A Crone at Christmas: I have this friend (2)

Here in Pamrovia we love a good crone. In fact we are thinking of starting a crone gallery, self-portraits included. Here is a favourite pair, snapped last year in the charming little town of Silves, in the Argave, Portugal. crones small

That said, my friend didn’t enjoy feeling like a crone on Christmas morning. “You will never guess what he gave me. I didn’t know whether to laugh or cry.” In the end, she sat under the tree and laughed. But Shar (we shall call her Shar, because that is indeed her name) is spluttering, a month after the event. “He must think I’m a real old crone!” Shar admits she is slightly on the wrong side of middle age, and that she is not quite as spry as she was. (Tell that to the painting and wallpapering, to the brisk walks, the gym, and the Otago Rail Trail.)  Still, she was unprepared for the surprise Christmas gift. “A walking stick!  Can you believe he gave me a walking stick for Christmas?” Well no, I couldn’t. Perhaps it was a joke? “No,” she explodes. “He was perfectly serious. He genuinely thought a walking stick was a good present for me.” A wounded voice emerges from the background. “She’s been finding it difficult to walk up and down hills lately so I thought it might help,” the voice squeaks. And here is his winning point: “It’s not a walking stick, it’s a tramping pole.” That new fact rather ruined my mate’s lament, I think. A tramping pole might technically be a walking stick, but its user is more adventurer than crone.  Although, speaking as a person who was once given a wing mirror for the car on her birthday, I do have sympathy with the lack of romance. Perhaps HE should have tucked a pair of diamond ear-rings into the parcel?

Wake Up, Pamrovia!

It’s a whole new year and I’ve been taking it easy. pamrovia rests Thanks for sticking with me, loyal citizens of Pamrovia  – all several of you.  A Princess of Pamrovia is travelling in Vietnam as we speak. She promises a guest post. Time will tell. Meanwhile, I will try to be more efficient.  Trouble is, I think I’m stuck in 2013.  I want to be in last year’s scenario, cruising around the Med on Seadream 1,  having my every whim catered to. I barely had to paddle my own canoe on that nifty little ship.27743-9 The reality of 2014 is that I’m driving a fishing boat in the Hauraki Gulf – where there has been an uncomfortable wind many days this January – while a fanatic puts out lines from the back, and pulls them in with very few fish to speak off. This is the face of someone who would rather be ashore. driving Hirani 2 And if this photo seems to lean sideways, that’s because at times my vessel was in the same state. “This boat is a dog side on to the sea,” says the fisherman, cheerful and completely unconcerned. I sensibly decide that I need a land base, somewhere near the fishing grounds, in walking distance of the water but not actually on the wet stuff.  I found this lovely old bach at Palm Beach, Waiheke Island. It needs a complete do-up, you can’t see the ocean, but it’s only a few minutes walk to the sand. palm beach bachTrouble is, the asking  price is $1.7 million.  So I found this flash house at Enclosure Bay, on a very steep site, five minutes walk (at least) to the beach.  enclosure bay houseAsking price: just under $1.2 million. Out of the question!  It’s back to the rocky tub on a turbulent sea. And dreaming of a life of luxury afloat on the Mediterranean. I’ve been thinking about some of the lesser known tourist islands of Europe. Next post will be a story I’ve written for a newspaper about them. Anybody have a favourite Mediterranean island to add to the list?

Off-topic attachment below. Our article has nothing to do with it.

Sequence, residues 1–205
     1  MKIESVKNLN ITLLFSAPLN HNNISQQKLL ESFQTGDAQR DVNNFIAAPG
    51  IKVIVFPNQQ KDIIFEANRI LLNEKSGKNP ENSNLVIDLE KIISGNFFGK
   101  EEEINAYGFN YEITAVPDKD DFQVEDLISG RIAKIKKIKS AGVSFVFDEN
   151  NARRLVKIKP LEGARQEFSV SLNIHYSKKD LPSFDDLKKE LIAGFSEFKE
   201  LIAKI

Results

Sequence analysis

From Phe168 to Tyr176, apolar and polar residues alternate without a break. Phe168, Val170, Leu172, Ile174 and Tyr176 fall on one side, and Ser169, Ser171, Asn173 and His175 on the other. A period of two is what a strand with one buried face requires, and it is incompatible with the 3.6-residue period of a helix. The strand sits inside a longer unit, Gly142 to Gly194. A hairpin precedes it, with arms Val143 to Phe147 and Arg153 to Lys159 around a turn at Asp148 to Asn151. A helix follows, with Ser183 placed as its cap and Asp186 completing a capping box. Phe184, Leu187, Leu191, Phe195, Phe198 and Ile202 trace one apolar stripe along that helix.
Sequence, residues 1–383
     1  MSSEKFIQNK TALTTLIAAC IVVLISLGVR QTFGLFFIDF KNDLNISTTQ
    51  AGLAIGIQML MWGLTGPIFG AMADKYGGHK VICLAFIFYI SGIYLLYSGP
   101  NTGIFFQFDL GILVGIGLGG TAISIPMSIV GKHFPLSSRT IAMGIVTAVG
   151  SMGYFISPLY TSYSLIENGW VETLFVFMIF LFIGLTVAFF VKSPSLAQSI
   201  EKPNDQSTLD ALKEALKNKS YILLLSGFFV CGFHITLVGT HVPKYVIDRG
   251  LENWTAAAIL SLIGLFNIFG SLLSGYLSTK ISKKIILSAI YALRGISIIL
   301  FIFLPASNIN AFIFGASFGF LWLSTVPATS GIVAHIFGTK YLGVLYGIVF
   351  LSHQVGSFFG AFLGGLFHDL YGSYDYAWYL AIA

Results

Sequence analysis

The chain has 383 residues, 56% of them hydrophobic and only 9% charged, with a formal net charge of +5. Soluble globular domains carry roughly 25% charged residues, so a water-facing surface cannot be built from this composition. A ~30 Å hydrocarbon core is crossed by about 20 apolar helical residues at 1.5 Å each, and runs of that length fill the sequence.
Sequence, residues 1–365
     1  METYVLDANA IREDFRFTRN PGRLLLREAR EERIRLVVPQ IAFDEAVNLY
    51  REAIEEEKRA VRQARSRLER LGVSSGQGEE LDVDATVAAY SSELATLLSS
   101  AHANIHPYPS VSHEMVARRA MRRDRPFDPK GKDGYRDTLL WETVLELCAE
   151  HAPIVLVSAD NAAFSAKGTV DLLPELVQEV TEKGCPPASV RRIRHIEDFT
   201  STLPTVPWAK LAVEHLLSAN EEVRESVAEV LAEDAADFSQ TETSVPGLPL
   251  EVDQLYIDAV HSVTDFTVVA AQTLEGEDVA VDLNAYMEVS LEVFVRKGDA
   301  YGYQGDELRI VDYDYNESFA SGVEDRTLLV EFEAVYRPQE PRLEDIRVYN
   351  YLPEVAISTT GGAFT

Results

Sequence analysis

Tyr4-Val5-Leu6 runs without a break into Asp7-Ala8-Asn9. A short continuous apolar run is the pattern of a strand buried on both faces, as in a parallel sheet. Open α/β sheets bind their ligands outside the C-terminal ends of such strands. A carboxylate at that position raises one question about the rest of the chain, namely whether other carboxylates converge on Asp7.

Swanning Around

P1010972Help! I’m surrounded by swans and I think I’m developing a bird phobia.

What am I to do with all these swans?

I love retro as much as the next person – nay, I love it more – but I’ve reached the point where a line has to be drawn, before a neck is wrung.

Sharing my coop are about 40 swans. Mostly white ones, some large, some small, plus a bevy of fabulous glossy ones glazed in turquoise and mother-of-pearl. They are ceramic swans of the Crown Lynn variety of course. Imagine my dilemma if the beasts had feathers and a digestive system.

A few of them had an outing on the Christmas lunch table at Ngataringa Tennis Club this week, admired by some and looked upon with puzzlement by others, but now they are back home gathering dust.photo 1

So here I am with 40 swans in a house already overflowing with retro delights (aka the junk I’ve refused to get rid of over many years), and it’s all the fault of my daughters. One wanted white Crown Lynn swan vases on the tables at her wedding. The small size ones. So her sisters and I began buying small Crown Lynn swans on Trade Me.

At the last minute, the bride exercised her prerogative and changed her mind. She still wanted Crown Lynn swans, but they had to be the large ones.

Loyal to the end, the sisters and I phoned every second-hand shop we knew, buying swans sight-unseen. We camped on TradeMe. Swans were flying in from all around the country. We succeeded in delivering 20 large swans to the florist, enough for the guest tables, the bridal table, and a few spare for the church. And we dotted the little ones around the reception venue.

Mission accomplished. No breakages. A smart person would have put the swans back on Trade Me to recoup my not inconsiderable investment.  Ha-bloody-ha. It is well-known that I am a great Trade Me customer. I love to buy, and I don’t muck about. Selling? Not so much. In fact I’m not sure I’ve ever actually pulled off a sale.